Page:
One morning during the last week of October, filmmaker John Armstrong received a call that snow had covered the front lawn of a Bloomington home.
One day earlier, the same lawn had been green. Armstrong's crew needed to finish shooting the scene he'd begun the day before. The snow had to go.
"So, I go down to Southside Rental Center and say, 'Guys, what can I do; I need to melt snow.' And they told me, 'You need a flame thrower.' I was like 'Yes, that is exactly what I want.' So, they gave me this propane tank with this big torch on it and you just spark it up, and I mean it's a huge flame, so it's burning snow off the front lawn of this house. … No matter how much preparation you do something's going to happen."
Armstrong, a native of Brownsburg, Indiana, and an Indiana University alumnus who earned his bachelor's degree in musical theater in 2002 and an MFA in acting in 2007, partnered with two friends from IU Bloomington to produce the film "The Good Catholic," which is making its Indiana premiere at a Sept. 17 red carpet event at the Buskirk-Chumley Theater in Bloomington.
The screening is sold out opening night, but tickets are still available for the Sept. 18, 20, 21 and 22 dates.
Armstrong and his friends Zachary Spicer, a Greencastle, Indiana, native and 2006 IU alumnus, and Paul Shoulberg, an IU MFA graduate who lives in Nashville, Indiana, worked together on the film. It is produced by Pigasus Pictures, owned and operated by Armstrong and Spicer. David Anspaugh, director of iconic films "Rudy" and "Hoosiers," is the executive producer.
"The Good Catholic" is a romantic comedy about a young priest, played by Spicer, and a woman he meets one day in the confessional, played by Wrenn Schmidt. As the story unfolds following the confession, he is forced to question everything he believes. Two older parish priests, played by Danny Glover and John C. McGinley, guide him.
Shoulberg, whose 2015 film "Walter" starred William H. Macy and Virginia Madsen, wrote and directed the film, which is loosely based on the story of how his parents met. His father was a priest, and his mother was a nun. They met in church and both eventually left their orders in the Catholic Church to get married and have a family.
Every frame of the movie was shot in Bloomington. The crew spent 28 days here, of which 18 were spent shooting. Shoulberg drove around the city scouting locations before the cast and crew arrived. Armstrong said it was important to have the film take place in Indiana.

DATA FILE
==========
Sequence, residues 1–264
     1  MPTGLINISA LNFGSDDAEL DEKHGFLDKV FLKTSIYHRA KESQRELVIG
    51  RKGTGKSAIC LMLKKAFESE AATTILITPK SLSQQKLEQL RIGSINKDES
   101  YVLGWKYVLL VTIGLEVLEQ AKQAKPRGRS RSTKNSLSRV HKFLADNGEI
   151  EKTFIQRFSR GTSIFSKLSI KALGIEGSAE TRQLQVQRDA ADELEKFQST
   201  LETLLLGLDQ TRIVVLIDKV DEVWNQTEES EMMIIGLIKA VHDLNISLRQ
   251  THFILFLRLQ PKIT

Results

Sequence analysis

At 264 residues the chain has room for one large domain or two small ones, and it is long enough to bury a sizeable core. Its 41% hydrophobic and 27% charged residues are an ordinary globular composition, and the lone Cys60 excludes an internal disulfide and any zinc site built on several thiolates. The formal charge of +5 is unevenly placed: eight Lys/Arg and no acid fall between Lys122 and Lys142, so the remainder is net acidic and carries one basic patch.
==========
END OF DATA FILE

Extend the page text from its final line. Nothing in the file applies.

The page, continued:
"That's where it all started, " Armstrong said. "The film is set with the backdrop of a college town, because John McGinley's character is an avid IU basketball fan. There's a scene where they are watching basketball, and he's literally wearing a jersey over his Franciscan friar's frock screaming, screaming at the TV."
The jersey McGinley's character Father Ollie wears in the film is a genuine No. 54 jersey from the 1976 Indiana University basketball NCAA championship team. Armstrong said IU Athletics helped them obtain the jersey for the shoot, which added authenticity to the scene because only a die-hard fan would have the actual jersey from that era.
"We also knew with the budget we were working at -- and the fact that Indiana doesn't have tax incentives for filmmaking -- that we needed to rely heavily on the resources of the community. We needed them to rally around the project, and we knew the community in Bloomington would, and we can't thank everyone enough."
Two key locations that appear in the film are Trinity Church and the former City Grille site on South College Avenue between West Third and West Fourth streets. The former City Grille location was unoccupied when the film was shot. A confessional was built on a sound stage inside.
Other interior church scenes were filmed inside Trinity Church, which was selected because it is small and easier to fill with extras. The crew built the exterior of the confessional inside Trinity Church, so the shots of people coming out of the confessional were shot on separate days from the confessions themselves.
"Every challenge is an opportunity to make something exciting happen, and that is the happening of the film," Armstrong said. "That just makes the film have that extra bit of polish and extra something about it."
The sold-out Sept. 17 screening will be followed by a moderated Q&A about the film. Cast members, including Spicer and Schmidt, are scheduled to be present. The Bloomington premiere is also the launch of a 11-city Indiana tour.Purchase tickets to remaining screenings